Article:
How many bloggers do you know who would willingly publish a guest post from an employee of a competing agency? My guess would be zero. Not so with this living-on-the-edge blogger. Here’s a superb piece from ex-Peppercommer, and current RF Binder star, Nick Gilyard…
Ever since I hit send on my first email pitch, I’ve dreaded ending up on bad pitch blog or being blasted by a journalist on social media. (For you non-PR types, the latter happens quite often to unsuspecting PRs.) Which is why my heart sank when I saw the headline ‘Netflix PR Preps Men for ‘Day Without Sports’ With Boring Sexist Email’.
After reading the release I agreed wholeheartedly with the author of the article. “The release’s writing is clunky terrible and assumes we all live in a snow globe from the ’50s.” Here are a few tips to avoid an unfortunate trip back in time.
1. Avoid unnecessary gendered language – By using “sports enthusiasts” and “fans” the release’s first two sentences set an inclusive tone by avoiding gender pronouns. Sadly it was all downhill from there. “Men be warned,” denies the existence of female sports fans and is immediately polarizing.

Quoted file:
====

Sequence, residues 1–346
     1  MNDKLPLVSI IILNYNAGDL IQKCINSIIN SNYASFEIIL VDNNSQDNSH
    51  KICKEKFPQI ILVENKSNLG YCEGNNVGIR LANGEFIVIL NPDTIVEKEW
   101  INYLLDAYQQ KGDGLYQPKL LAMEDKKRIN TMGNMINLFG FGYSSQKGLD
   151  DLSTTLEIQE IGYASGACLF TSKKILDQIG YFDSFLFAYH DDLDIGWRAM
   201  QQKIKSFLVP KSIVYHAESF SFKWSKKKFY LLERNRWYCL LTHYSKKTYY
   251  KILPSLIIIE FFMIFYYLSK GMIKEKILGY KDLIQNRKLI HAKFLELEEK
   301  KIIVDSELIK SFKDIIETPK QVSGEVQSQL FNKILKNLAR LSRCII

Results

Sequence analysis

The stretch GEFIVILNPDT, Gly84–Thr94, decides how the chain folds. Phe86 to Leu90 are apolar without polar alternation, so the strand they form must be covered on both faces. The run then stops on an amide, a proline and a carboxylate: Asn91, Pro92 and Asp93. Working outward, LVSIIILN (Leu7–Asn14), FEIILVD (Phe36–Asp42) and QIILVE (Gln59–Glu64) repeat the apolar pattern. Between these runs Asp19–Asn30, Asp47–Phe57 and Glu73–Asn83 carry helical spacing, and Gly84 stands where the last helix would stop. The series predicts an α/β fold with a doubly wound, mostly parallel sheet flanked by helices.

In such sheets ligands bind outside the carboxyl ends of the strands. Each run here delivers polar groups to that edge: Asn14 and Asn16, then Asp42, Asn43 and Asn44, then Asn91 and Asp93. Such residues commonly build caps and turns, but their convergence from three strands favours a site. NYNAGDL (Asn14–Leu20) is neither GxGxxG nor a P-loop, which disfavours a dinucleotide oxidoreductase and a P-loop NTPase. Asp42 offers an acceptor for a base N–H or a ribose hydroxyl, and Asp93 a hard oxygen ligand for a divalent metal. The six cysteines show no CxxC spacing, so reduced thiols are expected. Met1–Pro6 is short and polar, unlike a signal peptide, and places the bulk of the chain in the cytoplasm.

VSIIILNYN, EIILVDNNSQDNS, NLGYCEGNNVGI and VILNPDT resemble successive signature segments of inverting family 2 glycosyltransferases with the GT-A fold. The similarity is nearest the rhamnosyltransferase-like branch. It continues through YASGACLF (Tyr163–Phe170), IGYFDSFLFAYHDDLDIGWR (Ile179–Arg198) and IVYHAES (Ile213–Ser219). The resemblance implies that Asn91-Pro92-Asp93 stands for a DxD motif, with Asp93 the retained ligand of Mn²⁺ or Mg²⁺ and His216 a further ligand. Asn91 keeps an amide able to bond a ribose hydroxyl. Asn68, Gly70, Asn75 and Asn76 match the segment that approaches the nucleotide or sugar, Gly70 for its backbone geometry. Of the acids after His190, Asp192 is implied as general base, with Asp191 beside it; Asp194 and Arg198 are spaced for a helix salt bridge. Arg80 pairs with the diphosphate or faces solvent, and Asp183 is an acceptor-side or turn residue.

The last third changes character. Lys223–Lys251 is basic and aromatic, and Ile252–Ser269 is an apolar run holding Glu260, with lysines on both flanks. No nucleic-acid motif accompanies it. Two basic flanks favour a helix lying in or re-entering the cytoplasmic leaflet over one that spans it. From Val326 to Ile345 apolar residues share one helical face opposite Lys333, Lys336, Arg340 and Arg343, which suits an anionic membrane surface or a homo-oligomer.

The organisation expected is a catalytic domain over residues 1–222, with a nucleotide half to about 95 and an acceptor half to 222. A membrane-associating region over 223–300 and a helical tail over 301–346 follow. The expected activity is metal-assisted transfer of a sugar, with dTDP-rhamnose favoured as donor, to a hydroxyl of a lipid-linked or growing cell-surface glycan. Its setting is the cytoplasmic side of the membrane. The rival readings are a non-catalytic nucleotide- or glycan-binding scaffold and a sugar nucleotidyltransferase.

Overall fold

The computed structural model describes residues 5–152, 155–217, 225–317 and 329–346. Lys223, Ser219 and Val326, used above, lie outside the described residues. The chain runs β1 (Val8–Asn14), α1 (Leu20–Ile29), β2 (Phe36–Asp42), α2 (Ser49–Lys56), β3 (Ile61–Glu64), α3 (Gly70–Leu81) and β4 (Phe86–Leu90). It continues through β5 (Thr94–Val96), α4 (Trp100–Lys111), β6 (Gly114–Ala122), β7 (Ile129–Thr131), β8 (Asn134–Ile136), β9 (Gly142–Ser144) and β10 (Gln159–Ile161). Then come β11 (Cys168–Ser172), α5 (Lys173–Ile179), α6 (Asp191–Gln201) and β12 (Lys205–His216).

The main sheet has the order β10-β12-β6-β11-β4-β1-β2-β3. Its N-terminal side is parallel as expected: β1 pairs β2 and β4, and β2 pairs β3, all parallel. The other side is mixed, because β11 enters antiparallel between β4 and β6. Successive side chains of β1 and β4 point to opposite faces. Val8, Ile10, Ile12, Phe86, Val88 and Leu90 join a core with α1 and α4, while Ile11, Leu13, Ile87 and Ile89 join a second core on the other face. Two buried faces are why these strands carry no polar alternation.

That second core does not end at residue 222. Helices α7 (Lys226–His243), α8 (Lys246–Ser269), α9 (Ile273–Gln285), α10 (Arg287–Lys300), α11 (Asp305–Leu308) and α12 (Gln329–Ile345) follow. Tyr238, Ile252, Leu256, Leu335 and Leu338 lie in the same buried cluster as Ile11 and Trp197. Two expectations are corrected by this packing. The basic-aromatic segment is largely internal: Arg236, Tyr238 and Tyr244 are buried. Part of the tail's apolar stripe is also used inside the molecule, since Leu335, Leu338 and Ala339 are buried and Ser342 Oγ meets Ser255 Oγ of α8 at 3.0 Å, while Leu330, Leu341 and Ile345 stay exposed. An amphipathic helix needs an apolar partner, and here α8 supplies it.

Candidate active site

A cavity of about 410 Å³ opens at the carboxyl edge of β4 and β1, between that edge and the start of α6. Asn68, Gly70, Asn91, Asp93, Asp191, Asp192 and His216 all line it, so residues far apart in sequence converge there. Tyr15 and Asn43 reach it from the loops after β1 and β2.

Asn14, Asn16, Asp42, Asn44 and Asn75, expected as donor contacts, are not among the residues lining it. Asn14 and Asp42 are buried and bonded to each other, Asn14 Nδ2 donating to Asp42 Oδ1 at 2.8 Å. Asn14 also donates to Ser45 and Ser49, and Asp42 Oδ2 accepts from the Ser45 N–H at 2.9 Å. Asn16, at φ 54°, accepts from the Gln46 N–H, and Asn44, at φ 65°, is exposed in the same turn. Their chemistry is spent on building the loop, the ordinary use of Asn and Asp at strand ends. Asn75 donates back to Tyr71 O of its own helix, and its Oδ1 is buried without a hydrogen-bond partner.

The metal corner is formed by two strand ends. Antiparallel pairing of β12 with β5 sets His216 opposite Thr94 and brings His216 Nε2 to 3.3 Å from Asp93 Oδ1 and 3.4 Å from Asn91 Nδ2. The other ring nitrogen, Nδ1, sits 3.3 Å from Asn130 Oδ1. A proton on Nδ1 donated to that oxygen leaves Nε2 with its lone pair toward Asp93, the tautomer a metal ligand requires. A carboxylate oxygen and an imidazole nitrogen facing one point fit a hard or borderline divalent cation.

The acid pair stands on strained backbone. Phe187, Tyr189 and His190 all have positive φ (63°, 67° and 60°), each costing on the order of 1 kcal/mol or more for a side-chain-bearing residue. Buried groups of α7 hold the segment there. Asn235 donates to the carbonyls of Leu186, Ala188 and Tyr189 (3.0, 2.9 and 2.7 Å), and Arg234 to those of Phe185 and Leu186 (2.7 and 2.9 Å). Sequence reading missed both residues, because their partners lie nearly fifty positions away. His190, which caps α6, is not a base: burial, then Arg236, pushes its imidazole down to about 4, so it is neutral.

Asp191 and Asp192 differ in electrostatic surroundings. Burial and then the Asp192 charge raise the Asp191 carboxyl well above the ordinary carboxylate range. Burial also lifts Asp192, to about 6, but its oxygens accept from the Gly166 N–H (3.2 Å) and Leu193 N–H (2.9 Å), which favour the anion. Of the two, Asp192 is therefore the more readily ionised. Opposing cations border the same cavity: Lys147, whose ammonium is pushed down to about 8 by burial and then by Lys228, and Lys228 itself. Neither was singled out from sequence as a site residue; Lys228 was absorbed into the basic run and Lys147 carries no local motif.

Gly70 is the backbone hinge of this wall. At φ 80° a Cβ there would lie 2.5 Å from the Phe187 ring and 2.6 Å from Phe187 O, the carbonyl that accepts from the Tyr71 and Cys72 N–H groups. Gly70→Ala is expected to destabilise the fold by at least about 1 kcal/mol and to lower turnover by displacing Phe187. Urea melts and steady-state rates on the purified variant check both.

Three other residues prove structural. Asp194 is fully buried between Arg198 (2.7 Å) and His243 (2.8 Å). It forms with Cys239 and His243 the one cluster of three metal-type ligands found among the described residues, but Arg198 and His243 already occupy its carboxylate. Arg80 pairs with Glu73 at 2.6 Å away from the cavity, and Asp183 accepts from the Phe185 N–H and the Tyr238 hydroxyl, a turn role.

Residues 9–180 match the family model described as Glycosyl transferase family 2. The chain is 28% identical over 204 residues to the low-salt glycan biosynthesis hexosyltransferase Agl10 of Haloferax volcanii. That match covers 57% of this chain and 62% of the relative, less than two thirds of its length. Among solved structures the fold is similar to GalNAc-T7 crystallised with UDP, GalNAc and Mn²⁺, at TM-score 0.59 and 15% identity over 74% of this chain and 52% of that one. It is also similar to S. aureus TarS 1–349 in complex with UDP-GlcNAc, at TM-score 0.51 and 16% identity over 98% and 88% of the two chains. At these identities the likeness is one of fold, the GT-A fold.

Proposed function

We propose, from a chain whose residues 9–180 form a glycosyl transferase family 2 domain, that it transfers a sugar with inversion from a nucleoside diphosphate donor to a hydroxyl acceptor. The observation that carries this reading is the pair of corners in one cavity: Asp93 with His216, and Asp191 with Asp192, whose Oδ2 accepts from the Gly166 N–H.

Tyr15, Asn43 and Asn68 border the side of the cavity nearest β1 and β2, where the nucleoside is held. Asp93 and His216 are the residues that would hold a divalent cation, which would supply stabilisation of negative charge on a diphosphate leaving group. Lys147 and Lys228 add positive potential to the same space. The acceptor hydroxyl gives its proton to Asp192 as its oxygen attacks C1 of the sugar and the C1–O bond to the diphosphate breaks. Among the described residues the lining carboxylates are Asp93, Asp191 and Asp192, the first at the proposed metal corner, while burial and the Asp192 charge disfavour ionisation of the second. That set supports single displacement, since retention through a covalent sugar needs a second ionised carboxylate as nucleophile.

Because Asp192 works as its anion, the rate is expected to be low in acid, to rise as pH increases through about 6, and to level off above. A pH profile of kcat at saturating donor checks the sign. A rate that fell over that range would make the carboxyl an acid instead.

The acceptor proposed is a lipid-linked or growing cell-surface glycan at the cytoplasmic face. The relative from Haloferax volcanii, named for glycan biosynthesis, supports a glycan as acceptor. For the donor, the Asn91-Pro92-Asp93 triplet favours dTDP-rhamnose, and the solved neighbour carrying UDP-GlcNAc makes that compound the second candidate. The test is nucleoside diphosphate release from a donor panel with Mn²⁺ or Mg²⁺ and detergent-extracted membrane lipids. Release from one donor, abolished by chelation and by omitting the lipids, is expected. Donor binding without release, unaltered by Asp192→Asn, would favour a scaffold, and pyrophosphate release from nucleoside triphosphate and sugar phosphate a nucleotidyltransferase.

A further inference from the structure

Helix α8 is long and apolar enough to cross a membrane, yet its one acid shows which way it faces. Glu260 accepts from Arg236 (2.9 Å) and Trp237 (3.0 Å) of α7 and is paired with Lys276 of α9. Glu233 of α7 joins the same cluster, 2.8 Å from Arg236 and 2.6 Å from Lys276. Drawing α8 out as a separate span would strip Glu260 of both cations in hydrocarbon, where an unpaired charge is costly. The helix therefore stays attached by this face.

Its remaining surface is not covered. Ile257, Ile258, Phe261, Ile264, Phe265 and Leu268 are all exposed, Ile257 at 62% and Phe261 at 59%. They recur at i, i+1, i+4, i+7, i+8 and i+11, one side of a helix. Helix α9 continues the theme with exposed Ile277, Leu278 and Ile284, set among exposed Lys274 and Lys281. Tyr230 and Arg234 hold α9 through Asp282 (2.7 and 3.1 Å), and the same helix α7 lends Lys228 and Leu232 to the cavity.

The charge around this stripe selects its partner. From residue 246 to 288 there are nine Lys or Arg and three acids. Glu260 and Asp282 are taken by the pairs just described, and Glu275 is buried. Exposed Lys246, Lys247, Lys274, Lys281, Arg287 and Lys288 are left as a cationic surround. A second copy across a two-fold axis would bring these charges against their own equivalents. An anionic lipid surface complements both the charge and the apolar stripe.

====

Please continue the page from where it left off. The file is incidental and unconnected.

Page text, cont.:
2. Steer clear of stereotypes – Unless you’re pitching a study on stereotypes, just don’t do it. Stereotypes are usually outdated, offensive and have the added bonus of making the user look unimaginative. As PR people, we are tasked with being thoughtful and creative. Sadly a list of Netflix movies loosely strung together with sexism is neither.
3. Research – It can save you a lot of time and in this case a lot of embarrassment. A quick Google search would have revealed that women are the NFLs most important demographic and account for a growing 45% of all viewership. Also (and this is my favorite point) THERE WAS A MAJOR LEAUGE SOCCER GAME on the alleged “Day Without Sports”. So yeah, Google.
How’d you feel about the Netflix pitch? Do you have your own pitch gone wrong story or tips on how to avoid this kind of mishap? Feel free to share.